Tanios ABIDAOUD, Petitioner, v. Alberto R. GONZALES, Attorney General of the United States, Respondent.

No. 06-2509.United States Court of Appeals, First Circuit.
September 4, 2007.

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[EDITOR’S NOTE: This case is unpublished as indicated by the issuing court.]

On Petition for Review from an Order of the Board of Immigration Appeals.

Michael A. Paris and Cutler Associates on brief for petitioner.

Jesse M. Bless, Attorney, Office of Immigration Litigation, David V. Bernal, Assistant Director, and Peter D. Keisler, Assistant Attorney General, on brief for respondent.

Before Lipez, Circuit Judge, Selya and Stahl, Senior Circuit Judges.

STAHL, Senior Circuit Judge.

Petitioner Tanios Abidaoud appeals from an order of the Board of Immigration Appeals (BIA), which affirmed an Immigration Judge’s (IJ’s) denial of his asylum claim and other attendant immigration claims. Because a reasonable fact-finder would not be compelled to conclude to the contrary, we affirm the BIA’s denial of petitioner’s asylum claim.[1] In addition, because we find no abuse of discretion, we also deny petitioner’s petition to review the BIA’s denial of a motion to reopen based on changed country conditions.

The IJ found petitioner credible. Therefore, we relate the facts of the case as he testified to them. Petitioner is a Maronite Christian, born and raised in Lebanon. For several months in his late teens he was a member of the Lebanese Forces, an armed group that aimed to protect the Lebanese Christian minority during that country’s civil war. Petitioner left Lebanon in 1990 for Lithuania, having received a scholarship to study architecture

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there. He remained in Lithuania as a student for seven years, and while there met and married his Lithuanian-born wife.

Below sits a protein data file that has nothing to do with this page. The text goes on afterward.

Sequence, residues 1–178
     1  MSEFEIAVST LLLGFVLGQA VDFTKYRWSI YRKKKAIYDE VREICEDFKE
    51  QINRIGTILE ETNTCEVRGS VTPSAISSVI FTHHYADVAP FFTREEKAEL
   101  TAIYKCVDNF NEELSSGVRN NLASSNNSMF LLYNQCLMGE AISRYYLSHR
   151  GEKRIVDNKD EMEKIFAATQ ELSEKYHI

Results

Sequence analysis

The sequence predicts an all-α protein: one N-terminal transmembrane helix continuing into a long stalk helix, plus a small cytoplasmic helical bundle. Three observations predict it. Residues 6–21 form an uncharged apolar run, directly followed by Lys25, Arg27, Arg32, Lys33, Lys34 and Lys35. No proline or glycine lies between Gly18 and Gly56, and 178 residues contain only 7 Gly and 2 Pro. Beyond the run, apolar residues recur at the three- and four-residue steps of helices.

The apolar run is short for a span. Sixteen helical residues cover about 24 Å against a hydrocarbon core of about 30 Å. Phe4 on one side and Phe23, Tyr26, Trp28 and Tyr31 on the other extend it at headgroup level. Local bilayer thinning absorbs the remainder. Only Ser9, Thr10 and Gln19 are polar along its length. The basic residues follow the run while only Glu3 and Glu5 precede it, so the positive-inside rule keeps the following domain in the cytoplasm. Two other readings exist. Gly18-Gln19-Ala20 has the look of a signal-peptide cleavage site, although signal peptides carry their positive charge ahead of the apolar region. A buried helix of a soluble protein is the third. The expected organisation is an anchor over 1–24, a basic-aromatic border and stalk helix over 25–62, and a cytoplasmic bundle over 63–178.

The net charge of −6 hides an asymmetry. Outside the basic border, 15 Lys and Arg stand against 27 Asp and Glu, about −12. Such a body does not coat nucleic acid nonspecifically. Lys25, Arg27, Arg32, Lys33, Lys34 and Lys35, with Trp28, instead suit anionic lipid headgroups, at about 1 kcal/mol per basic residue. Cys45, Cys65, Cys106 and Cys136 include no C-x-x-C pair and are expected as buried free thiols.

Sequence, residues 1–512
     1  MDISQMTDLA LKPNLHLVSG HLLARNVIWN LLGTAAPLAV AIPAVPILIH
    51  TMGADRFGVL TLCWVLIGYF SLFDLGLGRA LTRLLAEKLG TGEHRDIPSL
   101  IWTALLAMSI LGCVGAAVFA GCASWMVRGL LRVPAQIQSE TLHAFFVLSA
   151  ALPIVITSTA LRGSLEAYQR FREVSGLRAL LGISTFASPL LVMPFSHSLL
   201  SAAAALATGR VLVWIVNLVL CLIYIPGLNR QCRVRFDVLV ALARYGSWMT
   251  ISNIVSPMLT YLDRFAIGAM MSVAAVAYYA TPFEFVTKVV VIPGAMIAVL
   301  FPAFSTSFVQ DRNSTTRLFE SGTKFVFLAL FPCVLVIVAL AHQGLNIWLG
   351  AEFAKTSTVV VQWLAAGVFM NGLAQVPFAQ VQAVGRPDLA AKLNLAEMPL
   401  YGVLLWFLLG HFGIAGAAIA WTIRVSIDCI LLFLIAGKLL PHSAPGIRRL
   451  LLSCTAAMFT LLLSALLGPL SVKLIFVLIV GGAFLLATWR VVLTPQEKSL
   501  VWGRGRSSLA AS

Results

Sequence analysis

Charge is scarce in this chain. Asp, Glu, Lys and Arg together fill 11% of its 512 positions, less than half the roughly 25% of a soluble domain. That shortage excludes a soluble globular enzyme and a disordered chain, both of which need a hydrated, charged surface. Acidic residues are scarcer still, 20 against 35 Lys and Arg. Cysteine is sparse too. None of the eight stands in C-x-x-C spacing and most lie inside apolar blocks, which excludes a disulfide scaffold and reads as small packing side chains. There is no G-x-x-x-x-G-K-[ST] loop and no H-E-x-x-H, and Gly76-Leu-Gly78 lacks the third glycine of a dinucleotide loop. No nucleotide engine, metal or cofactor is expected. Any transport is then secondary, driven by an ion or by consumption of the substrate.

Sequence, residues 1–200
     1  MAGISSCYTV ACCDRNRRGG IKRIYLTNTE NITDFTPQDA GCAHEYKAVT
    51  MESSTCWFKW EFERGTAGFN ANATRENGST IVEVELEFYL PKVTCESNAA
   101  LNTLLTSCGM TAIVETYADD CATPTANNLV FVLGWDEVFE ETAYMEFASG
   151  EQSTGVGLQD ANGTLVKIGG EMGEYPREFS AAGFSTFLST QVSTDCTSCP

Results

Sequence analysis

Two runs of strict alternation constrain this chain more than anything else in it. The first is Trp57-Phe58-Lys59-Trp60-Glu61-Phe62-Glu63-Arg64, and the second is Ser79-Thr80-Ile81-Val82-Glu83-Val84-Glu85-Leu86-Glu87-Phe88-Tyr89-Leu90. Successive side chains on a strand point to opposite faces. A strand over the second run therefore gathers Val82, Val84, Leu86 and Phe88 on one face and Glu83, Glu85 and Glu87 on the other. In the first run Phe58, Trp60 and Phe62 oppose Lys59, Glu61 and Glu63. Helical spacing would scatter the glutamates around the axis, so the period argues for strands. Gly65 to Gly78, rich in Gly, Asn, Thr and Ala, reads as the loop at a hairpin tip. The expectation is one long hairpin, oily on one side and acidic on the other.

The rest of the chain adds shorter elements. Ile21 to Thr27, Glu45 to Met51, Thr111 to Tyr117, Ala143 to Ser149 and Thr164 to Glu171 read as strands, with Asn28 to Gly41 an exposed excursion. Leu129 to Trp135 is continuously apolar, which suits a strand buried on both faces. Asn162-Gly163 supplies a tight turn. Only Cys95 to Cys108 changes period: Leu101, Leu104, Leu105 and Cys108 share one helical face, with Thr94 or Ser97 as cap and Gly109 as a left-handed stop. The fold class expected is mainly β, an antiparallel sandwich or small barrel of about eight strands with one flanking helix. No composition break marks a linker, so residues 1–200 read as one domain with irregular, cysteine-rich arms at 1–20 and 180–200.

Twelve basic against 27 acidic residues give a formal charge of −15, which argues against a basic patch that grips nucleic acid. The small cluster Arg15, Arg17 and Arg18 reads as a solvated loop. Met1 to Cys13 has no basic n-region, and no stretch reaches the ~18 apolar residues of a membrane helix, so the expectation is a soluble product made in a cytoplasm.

In 1997, the couple moved to Lebanon, where petitioner continued to develop his interest in Lebanon’s Phoenician past. He founded a political party, the United Phoenician Party (UPP), whose principal tenet is that the various religious and ethnic factions in Lebanon can peacefully co-exist if they rediscover their common Phoenician roots. Petitioner attempted to register his party with the Lebanese Interior Ministry, but his request was denied. At the time of his asylum hearing in 2005, petitioner attested that there were about ten UPP members worldwide.

Petitioner testified that his advocacy on behalf of the UPP led to political disagreements with his employer in Lebanon, and petitioner was fired as a result. Petitioner also testified that he received three threatening telephone calls while in Lebanon, during which unidentified callers threatened him with “disappearance” and other harms. He believed that the threats were related to his leadership of the UPP. The callers did not, however, reference the UPP or petitioner’s political beliefs. After the second phone call, petitioner sent his wife and son to Lithuania, out of concern for their safety. At some point after the third phone call, petitioner himself left Lebanon for Canada. After spending two months in Canada, he entered the United States in September 1999 on a one-year non-immigrant visa.